dir: Peyton Reed
You know what? It’s not so bad.
In fact, considering these hyperinflationary times, where each new Marvel product comes out with even more characters whose backstories we don’t care about and even more fights / explosions with robots / aliens we care even less about, this flick almost comes as something of a relief.
What amazing power does this latest superhero have?
He can shrink down to the size of an ant.
An Ant! Isn’t that almost… cute?
Since he’s not just another superspy / immortal god / indestructible green / blue / robot suited dingus, there isn’t the same kind of same same same story told. Not to imply that much of a story is told (it’s still built upon a house of clichés, but they’re different clichés this time!), but it makes something of a change from the endless parade of superpowered galloots that are polluting our movie and television screens currently.
He’s not a vigilante wanting to avenge his dead parents/wife/child; he hasn’t been bit by a radioactive anything; he’s not an alien with superpowers just because his adoptive planet has a yellow sun: he’s just a dude, and he can get real small when he wants to.
I am not familiar enough with the comics to know or care that much about Ant-Man or Hank Pym (here played by Michael Douglas). I know the name, and I know he’s one of the Avengers, but unlike almost every other comic in existence, I can’t really imagine anyone picking one of those comics up. Least of all myself.
So there’s this dude called Scott (Paul Rudd: the blandest possible choice and thus perfect for the role). He’s a crim who got nabbed for stealing a whole bunch of something. He’s a ‘good’ guy for a crim, in that he isn’t depicted as a child slaying-meth addicted monster, which, based on American movies, I assume all convicts are.
He’s made mistakes, let down his family, and is meant to, through the lens of the hero’s journey, somehow atone for those mistakes by… shrinking really small and doing the bidding of a crazy senile scientist and his mean daughter (Evangeline Lilly in what I hope is a helmet wig)? What a terrible motivation for doing any of this. As if his daughter wants him to put his life in danger just to become a new Avenger eventually.
Well, she probably would, knowing how dumb kids are.
Pym, the crusty crazed loon who ‘hires’ Scott through the weird process of staging a break-in that eventually gets him arrested again, is really mad at a guy who used to be his protégé at the company he founded. He’s jealous because the guy seems to have almost invented something which does the same thing the Ant-Man suit does, which is shrink really small.
We know Cross (Corey Stoll) is bad news because he murders some poor guy who disagreed with him by shooting him with a ray gun that basically leaves him a tiny smear on the bathroom tiles. We also know Cross is evil because he’s bald. Bald characters in superhero flicks, unless they’re played by Sir Patrick Stewart, are almost always evil, because of course they are.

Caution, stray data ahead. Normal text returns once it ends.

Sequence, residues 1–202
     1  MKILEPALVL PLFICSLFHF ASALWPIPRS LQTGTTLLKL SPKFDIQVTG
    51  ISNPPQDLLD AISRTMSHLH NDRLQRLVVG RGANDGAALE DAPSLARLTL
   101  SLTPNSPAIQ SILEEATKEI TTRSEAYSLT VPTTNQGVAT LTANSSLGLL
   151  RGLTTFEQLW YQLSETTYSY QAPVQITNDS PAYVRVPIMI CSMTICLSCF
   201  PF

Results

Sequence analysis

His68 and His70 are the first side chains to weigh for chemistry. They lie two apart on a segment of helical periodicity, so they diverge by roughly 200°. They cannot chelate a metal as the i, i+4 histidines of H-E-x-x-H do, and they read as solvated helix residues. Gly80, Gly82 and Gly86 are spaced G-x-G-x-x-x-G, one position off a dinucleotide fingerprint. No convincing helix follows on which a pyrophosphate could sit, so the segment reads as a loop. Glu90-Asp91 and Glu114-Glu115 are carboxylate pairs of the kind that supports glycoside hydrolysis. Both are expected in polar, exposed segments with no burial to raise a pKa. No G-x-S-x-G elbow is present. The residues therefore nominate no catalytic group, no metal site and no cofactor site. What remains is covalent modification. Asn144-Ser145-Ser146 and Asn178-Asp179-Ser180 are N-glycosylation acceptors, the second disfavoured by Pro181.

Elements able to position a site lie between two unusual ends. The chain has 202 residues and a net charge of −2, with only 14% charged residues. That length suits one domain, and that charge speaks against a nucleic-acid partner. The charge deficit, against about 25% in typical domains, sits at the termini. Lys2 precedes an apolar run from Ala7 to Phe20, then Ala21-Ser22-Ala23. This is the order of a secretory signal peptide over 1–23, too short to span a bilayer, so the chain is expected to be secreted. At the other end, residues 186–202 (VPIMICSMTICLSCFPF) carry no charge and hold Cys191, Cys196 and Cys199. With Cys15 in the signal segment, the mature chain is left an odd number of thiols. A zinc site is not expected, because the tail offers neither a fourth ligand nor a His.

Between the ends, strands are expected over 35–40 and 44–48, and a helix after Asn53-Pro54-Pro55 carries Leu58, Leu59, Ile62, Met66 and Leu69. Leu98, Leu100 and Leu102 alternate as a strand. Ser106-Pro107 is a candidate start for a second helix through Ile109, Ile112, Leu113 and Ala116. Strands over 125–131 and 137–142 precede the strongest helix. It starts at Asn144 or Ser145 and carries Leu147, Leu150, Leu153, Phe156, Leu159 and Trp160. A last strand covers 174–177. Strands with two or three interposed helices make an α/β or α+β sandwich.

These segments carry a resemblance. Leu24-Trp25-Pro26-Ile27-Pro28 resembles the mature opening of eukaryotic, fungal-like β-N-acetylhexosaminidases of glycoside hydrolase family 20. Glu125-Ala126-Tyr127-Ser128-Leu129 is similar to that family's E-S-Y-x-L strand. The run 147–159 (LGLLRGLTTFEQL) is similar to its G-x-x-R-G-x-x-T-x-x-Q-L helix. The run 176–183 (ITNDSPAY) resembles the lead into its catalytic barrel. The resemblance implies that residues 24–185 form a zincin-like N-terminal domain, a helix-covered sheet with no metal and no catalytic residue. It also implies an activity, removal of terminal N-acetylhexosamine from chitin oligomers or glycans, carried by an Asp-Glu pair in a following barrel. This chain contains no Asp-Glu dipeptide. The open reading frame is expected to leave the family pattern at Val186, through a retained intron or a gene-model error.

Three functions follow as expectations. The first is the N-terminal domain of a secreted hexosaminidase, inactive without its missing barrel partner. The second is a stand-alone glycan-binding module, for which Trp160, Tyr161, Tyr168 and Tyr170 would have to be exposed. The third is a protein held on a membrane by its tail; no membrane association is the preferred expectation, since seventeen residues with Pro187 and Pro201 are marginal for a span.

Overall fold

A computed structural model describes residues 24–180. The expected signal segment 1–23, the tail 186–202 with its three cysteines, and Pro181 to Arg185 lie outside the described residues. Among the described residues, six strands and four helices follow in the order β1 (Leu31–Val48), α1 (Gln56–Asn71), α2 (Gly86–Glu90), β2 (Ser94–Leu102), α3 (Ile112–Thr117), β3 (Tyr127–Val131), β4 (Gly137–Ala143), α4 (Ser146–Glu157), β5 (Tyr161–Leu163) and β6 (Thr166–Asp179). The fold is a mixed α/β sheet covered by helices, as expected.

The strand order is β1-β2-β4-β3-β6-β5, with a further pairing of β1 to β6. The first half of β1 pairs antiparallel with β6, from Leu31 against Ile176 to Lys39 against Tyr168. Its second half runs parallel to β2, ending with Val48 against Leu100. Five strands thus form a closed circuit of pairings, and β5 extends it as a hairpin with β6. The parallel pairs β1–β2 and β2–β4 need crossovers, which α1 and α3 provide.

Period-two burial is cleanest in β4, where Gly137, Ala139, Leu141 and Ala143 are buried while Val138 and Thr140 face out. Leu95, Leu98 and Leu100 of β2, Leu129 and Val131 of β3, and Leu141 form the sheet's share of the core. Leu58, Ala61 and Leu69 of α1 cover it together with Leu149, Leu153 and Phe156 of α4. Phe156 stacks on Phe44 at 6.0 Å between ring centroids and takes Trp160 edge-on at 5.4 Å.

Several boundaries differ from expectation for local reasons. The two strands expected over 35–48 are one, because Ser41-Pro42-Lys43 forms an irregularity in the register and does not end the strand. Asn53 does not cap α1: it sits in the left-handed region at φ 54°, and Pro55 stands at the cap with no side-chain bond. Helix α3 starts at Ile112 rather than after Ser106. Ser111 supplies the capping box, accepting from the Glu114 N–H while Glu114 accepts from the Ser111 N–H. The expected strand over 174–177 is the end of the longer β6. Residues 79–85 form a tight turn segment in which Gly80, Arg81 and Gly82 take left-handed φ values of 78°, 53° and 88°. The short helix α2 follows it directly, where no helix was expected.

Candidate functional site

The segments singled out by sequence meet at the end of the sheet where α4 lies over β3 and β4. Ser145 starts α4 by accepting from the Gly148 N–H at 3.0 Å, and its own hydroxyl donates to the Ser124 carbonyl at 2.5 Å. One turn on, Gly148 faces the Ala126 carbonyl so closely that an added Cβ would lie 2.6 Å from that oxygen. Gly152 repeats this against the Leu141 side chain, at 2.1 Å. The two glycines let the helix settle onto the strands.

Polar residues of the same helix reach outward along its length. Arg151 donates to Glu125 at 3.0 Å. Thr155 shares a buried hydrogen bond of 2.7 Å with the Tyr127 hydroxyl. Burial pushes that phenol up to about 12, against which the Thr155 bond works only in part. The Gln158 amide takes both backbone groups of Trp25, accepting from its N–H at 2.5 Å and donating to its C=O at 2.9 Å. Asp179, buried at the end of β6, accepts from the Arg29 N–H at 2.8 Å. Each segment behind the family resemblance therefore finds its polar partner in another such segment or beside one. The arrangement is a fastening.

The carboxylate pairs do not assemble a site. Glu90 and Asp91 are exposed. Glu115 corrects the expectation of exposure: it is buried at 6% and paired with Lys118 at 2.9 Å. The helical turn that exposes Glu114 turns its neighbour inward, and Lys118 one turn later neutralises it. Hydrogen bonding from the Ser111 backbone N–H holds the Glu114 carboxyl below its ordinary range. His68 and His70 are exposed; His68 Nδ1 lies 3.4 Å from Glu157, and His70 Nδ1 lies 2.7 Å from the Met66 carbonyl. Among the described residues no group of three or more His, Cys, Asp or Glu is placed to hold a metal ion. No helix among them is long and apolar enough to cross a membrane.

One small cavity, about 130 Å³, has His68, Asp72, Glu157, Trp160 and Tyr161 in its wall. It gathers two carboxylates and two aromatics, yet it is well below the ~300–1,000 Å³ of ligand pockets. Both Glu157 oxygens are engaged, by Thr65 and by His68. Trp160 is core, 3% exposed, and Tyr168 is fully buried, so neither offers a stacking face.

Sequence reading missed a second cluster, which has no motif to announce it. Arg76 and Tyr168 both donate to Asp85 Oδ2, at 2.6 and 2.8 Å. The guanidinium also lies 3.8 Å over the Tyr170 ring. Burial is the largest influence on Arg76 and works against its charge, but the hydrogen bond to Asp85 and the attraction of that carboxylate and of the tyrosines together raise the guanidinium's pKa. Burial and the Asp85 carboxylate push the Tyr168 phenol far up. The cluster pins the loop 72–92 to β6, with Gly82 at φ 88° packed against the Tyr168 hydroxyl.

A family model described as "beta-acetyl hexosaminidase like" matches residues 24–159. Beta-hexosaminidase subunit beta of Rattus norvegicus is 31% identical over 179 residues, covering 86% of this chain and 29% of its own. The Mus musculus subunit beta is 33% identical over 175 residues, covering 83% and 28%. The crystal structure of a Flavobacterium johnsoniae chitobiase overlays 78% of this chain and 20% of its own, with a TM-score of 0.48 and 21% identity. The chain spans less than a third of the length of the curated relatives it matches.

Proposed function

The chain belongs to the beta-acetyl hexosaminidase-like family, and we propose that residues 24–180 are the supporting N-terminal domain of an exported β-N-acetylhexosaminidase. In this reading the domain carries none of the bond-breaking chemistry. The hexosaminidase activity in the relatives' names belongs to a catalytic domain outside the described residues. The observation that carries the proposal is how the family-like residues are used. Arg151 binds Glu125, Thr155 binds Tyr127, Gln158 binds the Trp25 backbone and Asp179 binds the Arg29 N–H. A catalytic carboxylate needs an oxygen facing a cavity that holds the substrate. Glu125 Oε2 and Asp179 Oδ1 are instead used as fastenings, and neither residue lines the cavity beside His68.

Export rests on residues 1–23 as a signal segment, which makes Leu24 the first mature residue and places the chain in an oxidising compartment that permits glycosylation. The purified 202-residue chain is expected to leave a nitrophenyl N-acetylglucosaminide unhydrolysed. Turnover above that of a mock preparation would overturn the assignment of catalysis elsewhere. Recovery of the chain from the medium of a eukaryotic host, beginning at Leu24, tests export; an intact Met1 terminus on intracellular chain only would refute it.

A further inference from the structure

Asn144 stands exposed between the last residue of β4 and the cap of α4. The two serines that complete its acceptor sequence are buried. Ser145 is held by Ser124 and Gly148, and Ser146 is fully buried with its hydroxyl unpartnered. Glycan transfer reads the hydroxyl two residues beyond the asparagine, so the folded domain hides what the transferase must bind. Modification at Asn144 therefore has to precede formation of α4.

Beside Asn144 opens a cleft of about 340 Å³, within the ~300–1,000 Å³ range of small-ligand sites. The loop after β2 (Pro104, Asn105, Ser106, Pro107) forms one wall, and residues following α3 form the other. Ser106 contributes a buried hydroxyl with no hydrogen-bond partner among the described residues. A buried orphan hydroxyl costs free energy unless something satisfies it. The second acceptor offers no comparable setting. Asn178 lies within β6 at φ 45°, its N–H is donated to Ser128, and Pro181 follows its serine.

He’s nasty, but no-one really cares about him. I certainly didn’t care about him. It’s pretty obvious he’s not going to get what he wants, because, well, it’s not like he’s Lex Luthor or anything, is he? He’s just some generic bad guy who is unlikely to survive the first instalment of what is doubtless going to be dozens of sequels.
Really, I can see Ant-Man surpassing even Spider-Man and maybe even Batman one day because he’s just so… nah, can’t sustain the joke any longer. Ant-Man is a joke, but he’s a funny joke. He takes the scale of the flick down to the microscopic level, and that makes for some inventiveness, some inspired moments from the production team.
There was some controversy early on when the flick started getting made because of a certain director that was attached to direct. Edgar Wright, of Shaun of the Dead, Hot Fuzz, World’s End fame. That Edgar Wright. Someone who, if you knew about him, would seem like a perfect fit for a jokey, lighter, funner and funnier type of Marvel flick.
Well, apparently the arseholes at Marvel agreed to disagree by firing his arse and scrapping virtually everything he contributed. I don’t know if the bones of the script he initially came up with persisted, or whether it was all expunged, but as much as I dislike what they did to him (Wright is the kind of film buff movie nerd that inspires loyalty and protectiveness in, um, film buff movie nerds), I still enjoyed the flick anyway.
I don’t know who Peyton Reed is, and frankly I don’t care. He or she still did an okay job with very little. This flick (to its benefit) isn’t doing all the dull world-building, backstory abundance that the ‘main’ Marvel flicks are (with the Infinity Stones and Thanos and all that bullshit), so mostly all it has is its own bullshit to rely on, and I’m fine with that.